• We determined the function of a protein that associates with bgn called Wnt induced secreted protein (WISP-1) in osteogenic cells. Our studies showed that WISP-1 increases proliferation and differentiation in a fashion that works in cooperation with TGF-beta and BMP-2.
  • Bgn was found to bind to key components of the wnt pathway including wnt3a and LRP-6 and modulate their functions. In bone, the modulation of wnt signaling controlled the fate of osteoprogenitor cells both in vitro as well as in vivo. These studies support the concept that bgn could potentially be a new biological agent valuable for therapy of Wnt-related diseases.

Selected Publications

  1. Modulation of canonical Wnt signaling by the extracellular matrix component biglycan. Berendsen AD, Fisher LW, Kilts TM, Owens RT, Robey PG, Gutkind JS, Young MF Proc Natl Acad Sci U S A. 2011 Oct 11;108(41):17022-7. Epub 2011 Oct 3.PMID:21969569 [PubMed - in process]
  2. WISP-1/CCN4 regulates osteogenesis by enhancing BMP-2 activity. Ono M, Inkson CA, Kilts TM, Young MF. J Bone Miner Res. 2011 Jan;26(1):193-208. PMID: 20684029 [PubMed - as supplied by publisher]
  3. Biglycan and fibromodulin have essential roles in regulating chondrogenesis and extracellular matrix turnover in temporomandibular joint osteoarthritis. Embree MC, Kilts TM, Ono M, Inkson CA, Syed-Picard F, Karsdal MA, Oldberg A, Bi Y, Young MF. Am J Pathol. 2010 Feb;176(2):812-26. Epub 2009 Dec 24.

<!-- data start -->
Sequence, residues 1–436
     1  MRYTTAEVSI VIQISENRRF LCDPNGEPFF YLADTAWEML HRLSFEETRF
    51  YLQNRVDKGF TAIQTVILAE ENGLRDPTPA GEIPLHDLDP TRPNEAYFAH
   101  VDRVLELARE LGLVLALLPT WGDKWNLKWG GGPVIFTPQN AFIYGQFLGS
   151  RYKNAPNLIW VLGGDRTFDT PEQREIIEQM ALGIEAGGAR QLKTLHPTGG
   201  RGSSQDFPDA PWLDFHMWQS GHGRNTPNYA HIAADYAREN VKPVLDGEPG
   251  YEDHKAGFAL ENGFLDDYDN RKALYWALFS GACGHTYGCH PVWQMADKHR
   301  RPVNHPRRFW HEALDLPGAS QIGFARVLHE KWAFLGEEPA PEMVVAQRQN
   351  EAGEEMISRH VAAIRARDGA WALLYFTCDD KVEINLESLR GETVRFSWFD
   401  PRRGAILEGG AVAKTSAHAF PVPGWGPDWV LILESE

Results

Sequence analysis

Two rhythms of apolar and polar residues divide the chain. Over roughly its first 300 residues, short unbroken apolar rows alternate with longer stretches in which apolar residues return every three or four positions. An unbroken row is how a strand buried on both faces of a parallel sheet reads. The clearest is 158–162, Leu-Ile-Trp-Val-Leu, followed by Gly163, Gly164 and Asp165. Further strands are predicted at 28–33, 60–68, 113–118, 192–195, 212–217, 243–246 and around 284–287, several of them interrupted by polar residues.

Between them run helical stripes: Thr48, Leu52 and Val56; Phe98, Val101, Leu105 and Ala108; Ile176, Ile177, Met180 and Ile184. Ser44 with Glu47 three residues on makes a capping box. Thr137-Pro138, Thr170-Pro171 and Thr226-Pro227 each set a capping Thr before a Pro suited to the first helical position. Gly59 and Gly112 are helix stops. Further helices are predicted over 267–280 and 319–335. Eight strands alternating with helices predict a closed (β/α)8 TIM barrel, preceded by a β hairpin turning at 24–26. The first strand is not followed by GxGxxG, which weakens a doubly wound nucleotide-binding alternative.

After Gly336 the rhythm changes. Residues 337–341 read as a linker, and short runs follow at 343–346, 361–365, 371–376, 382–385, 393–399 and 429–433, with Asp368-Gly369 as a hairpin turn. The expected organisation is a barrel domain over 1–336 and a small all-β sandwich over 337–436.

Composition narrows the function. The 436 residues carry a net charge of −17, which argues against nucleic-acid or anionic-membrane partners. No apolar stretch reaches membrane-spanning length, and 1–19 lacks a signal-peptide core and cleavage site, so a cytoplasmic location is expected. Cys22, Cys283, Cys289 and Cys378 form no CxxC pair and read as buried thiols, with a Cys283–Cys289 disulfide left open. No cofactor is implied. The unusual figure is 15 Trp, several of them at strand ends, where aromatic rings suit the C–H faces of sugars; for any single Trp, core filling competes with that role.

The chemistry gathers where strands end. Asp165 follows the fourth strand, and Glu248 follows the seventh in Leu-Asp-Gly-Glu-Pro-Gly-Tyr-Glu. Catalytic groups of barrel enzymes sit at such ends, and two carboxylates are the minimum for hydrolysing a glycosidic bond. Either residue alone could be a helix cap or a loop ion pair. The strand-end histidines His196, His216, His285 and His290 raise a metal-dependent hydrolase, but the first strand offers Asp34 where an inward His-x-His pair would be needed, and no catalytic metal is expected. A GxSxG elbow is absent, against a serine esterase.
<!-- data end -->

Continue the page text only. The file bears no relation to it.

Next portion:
4. TGF-beta1 and WISP-1/CCN-4 can regulate each other's activity to cooperatively control osteoblast function. Inkson CA, Ono M, Kuznetsov SA, Fisher LW, Robey PG, Young MF. J Cell Biochem. 2008 Aug 1;104(5):1865-78.PMID: 18404666 [PubMed - indexed for MEDLINE] Free PMC Article
  5. Identification of tendon stem/progenitor cells and the role of the extracellular matrix in their niche. Bi Y, Ehirchiou D, Kilts TM, Inkson CA, Embree MC, Sonoyama W, Li L, Leet AI, Seo BM, Zhang L, Shi S, Young MF. Nat Med. 2007 Oct;13(10):1219-27. Epub 2007 Sep 9
  6. Impaired posterior frontal sutural fusion in the biglycan/decorin double deficient mice. Wadhwa S, Bi Y, Ortiz AT, Embree MC, Kilts T, Iozzo R, Opperman LA, Young MF. Bone. 2007 Apr;40(4):861-6. Epub 2006 Dec 26.PMID: 17188951 [PubMed - indexed for MEDLINE] Free PMC Article
  7. Biglycan deficiency increases osteoclast differentiation and activity due to defective osteoblasts. Bi Y, Nielsen KL, Kilts TM, Yoon A, A Karsdal M, Wimer HF, Greenfield EM, Heegaard AM, Young MF. Bone. 2006 Jun;38(6):778-86. Epub 2005 Dec 20.PMID: 16364709 [PubMed - indexed for MEDLINE]